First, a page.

For the SBA I narrowed the dart.
I also shortened the bodice an inch. I have a high waist but a long torso so I generally don't mess with the length of the bodice. Here, I wanted the waistline to be slightly high as I didn't want the peplum to hit me too low on the thigh. If I made this again, I would probably shorten the waist only 1/2 inch, but I am happy with where the waist hits me on this project.
I lined the peplum in hot pink rayon satin, purchased from Fabric.com for $2.79/yd last September. While I love the contrast underside, I wanted to ensure that it would not show unless the peplum flipped up. The first step was to trim the side and lower edges of the peplum lining to make it slightly smaller than the fashion fabric. This creates a turn of cloth after they are sewn together.
Anytime I am pressing a lining or facing, I always press from the underside. As I arrange the fabric for pressing, I make sure that I can see the tiniest edge of the outer fabric and then press. If you can see the tiniest edge of the outer fabric from the underside, you won't see any of the underside when the garment is on.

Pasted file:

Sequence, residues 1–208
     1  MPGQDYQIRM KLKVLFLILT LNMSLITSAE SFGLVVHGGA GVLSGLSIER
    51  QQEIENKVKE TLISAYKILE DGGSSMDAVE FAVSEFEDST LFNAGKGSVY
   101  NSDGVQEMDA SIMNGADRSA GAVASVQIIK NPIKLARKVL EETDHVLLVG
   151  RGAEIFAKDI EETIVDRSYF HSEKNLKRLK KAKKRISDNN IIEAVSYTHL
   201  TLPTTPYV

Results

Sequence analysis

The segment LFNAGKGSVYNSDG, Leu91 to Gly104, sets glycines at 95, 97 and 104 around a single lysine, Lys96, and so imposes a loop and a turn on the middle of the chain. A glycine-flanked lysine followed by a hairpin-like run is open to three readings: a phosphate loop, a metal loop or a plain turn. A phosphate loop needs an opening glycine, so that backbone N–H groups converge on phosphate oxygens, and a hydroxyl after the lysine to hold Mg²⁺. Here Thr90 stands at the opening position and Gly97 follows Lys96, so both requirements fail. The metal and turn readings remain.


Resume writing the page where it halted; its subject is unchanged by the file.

Here you can see that the pink satin lining does not show at all when the peplum is laying flat, and you can also see the tiny edge of the fashion fabric that shows from the underside. This closeup shows a little better how you can see the edge of the fashion fabric rolling over the lining.
I use invisible zippers almost exclusively. I will only use a regular zipper if the fabric is thick and crosses a seam so that an invisible can't be invisible (or if it is invisible, won't slide past the hump). I used to be competent at regular zippers, but I now do them so infrequently--no more than two a year and probably less!--that I have completely lost my touch.